“I missed the mark with HyperCard,” Atkinson lamented. “I grew up in a box-centric culture at Apple. If I’d grown up in a network-centric culture, like Sun, HyperCard might have been the first Web browser. My blind spot at Apple prevented me from making HyperCard the first Web browser.”

.. In his 1974 book, Computer Lib/Dream Machines, he defined hypertext as “forms of writing which branch or perform on request; they are best presented on computer display screens.” By simplifying the process of dispersing and accessing information, hypertext and hypermedia could liberate society from what Nelson saw as an overprofessionalized digital information elite.

.. Fearing antitrust reprisals from the government if it strayed into the software marketing business, AT&T leased UNIX to colleges and universities at bargain basement rates. Those schools, supported by grants from the National Science Foundation, built hundreds and then thousands of ARPANET “nodes” through the 1980s.

.. “We could not have created a business around Erwise in Finland then,” one of the team members explained. But other developers had also downloaded Berners-Lee’s code. These included Pei-Yuan Wei, working on UNIX X-terminals at UC Berkeley’s Experimental Computing Facility. Where did Wei derive inspiration for his “ViolaWWW” web browser? He took his lead from a program that he found fascinating, even though he did not have a Mac of his own.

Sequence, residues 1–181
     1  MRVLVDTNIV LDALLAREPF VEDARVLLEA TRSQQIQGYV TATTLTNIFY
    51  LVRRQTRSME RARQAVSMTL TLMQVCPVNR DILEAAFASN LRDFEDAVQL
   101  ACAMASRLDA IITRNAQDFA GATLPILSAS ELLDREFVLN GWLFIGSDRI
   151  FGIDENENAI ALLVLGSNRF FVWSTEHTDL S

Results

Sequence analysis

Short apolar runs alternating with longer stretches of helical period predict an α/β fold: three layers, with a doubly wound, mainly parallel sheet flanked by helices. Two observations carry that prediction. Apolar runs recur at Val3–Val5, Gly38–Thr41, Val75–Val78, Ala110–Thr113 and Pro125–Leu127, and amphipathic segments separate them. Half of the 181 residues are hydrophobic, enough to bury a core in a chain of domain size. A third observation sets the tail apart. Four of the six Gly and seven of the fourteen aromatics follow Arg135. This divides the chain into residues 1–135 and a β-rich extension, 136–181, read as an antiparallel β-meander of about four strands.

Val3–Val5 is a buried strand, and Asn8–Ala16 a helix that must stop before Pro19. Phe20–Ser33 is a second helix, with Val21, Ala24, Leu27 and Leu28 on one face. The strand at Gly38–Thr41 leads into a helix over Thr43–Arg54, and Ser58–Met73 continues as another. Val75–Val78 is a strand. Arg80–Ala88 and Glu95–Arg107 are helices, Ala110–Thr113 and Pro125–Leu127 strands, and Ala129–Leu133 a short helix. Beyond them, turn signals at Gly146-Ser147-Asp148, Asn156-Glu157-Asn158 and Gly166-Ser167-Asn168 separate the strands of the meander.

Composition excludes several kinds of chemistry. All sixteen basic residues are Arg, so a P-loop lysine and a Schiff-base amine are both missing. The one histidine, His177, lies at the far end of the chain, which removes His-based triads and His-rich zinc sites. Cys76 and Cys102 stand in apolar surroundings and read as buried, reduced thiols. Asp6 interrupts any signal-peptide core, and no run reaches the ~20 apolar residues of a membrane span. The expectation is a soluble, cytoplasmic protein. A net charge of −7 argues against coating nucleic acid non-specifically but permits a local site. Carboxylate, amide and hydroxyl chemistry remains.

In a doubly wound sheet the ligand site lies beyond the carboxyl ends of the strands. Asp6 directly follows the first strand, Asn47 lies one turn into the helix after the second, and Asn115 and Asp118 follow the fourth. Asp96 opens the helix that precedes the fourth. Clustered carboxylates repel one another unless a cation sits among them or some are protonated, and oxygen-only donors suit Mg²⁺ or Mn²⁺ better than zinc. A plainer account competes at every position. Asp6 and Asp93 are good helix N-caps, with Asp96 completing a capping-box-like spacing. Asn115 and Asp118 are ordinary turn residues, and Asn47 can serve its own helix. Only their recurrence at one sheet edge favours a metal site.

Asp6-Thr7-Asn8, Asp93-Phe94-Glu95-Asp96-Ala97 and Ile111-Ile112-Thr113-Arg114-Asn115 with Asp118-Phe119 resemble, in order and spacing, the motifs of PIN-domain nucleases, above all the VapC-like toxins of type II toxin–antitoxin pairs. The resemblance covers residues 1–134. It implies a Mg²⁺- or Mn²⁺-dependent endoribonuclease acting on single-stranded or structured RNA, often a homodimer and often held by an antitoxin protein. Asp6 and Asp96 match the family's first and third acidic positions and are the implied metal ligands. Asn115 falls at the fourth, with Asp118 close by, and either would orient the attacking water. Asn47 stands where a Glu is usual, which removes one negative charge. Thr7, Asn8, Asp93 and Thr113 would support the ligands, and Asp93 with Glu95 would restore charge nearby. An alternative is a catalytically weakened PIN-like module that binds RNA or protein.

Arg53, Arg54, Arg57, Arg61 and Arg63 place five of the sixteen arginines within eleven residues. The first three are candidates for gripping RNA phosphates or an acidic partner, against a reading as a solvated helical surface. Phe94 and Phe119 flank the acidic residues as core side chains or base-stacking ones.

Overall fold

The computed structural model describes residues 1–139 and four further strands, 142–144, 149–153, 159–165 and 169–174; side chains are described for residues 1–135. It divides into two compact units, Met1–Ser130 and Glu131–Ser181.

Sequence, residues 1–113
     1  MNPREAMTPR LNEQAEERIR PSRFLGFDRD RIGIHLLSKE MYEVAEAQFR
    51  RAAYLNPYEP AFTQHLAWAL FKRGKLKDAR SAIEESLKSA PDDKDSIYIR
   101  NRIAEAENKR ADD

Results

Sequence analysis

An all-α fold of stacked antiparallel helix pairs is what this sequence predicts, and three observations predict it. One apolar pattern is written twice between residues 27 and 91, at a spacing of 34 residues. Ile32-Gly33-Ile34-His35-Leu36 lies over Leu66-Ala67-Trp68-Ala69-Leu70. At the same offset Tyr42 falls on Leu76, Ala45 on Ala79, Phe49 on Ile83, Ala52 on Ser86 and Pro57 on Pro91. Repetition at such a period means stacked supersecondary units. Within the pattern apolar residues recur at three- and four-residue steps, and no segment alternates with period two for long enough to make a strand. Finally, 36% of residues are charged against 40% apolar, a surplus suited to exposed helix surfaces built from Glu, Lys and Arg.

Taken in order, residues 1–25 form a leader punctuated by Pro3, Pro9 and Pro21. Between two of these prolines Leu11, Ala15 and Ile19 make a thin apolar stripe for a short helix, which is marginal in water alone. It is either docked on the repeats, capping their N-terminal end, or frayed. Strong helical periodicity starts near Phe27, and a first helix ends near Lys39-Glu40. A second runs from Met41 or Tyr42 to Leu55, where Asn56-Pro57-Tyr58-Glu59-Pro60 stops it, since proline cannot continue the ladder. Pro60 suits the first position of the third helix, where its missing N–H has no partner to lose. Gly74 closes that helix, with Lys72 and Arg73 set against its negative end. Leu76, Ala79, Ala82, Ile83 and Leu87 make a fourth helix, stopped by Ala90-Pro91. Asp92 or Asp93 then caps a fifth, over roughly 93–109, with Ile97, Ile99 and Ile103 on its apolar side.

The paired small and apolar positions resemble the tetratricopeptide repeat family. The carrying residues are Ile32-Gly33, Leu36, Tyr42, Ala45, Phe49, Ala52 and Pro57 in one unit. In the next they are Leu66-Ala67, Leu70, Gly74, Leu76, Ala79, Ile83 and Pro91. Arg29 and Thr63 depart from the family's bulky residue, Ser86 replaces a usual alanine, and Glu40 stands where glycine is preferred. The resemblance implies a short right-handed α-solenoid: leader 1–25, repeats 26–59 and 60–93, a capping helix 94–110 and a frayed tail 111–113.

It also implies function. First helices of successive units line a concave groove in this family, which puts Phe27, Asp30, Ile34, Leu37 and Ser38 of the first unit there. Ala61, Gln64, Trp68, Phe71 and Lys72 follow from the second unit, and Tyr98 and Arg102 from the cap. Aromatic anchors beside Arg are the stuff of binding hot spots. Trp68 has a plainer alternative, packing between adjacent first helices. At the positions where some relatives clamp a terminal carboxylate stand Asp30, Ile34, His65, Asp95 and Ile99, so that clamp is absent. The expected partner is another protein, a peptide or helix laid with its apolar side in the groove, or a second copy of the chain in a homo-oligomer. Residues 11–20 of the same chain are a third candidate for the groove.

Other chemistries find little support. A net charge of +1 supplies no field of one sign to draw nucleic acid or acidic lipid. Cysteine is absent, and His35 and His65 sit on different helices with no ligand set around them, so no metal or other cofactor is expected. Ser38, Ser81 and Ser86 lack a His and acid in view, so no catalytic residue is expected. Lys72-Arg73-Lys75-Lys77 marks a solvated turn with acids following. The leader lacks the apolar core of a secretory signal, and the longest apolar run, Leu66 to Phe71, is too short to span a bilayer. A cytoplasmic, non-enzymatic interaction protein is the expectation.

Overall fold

“HyperCard was very compelling back then, you know graphically, this hyperlink thing,” Wei later recalled. “I got a HyperCard manual and looked at it and just basically took the concepts and implemented them in X-windows,” which is a visual component of UNIX. The resulting browser, Viola, included HyperCard-like components: bookmarks, a history feature, tables, graphics. And, like HyperCard, it could run programs.

.. Admiring all this activity was a young developer named Marc Andreesen of the National Center for Supercomputing Applications at the University of Illinois. Andreesen’s team launched Mosaic in January of 1993; it was the first browser available on PCs, Macs, and UNIX systems. Mosaic morphed into Mosaic Netscape a year later.

Not long after that, I downloaded a copy of Netscape onto a Dell PC. “Wow,” I thought, as I surfed various sites. “This looks like HyperCard.”

.. As late as August 2002, there were probably 10,000 HyperCard developers.

.. programmers for the Cyan software company originally wrote their hugely popular puzzle/adventure game Myst as a HyperCard stack.

.. When Tim Berners-Lee’s innovation finally became popular in the mid-1990s, HyperCard had already prepared a generation of developers who knew what Netscape was for.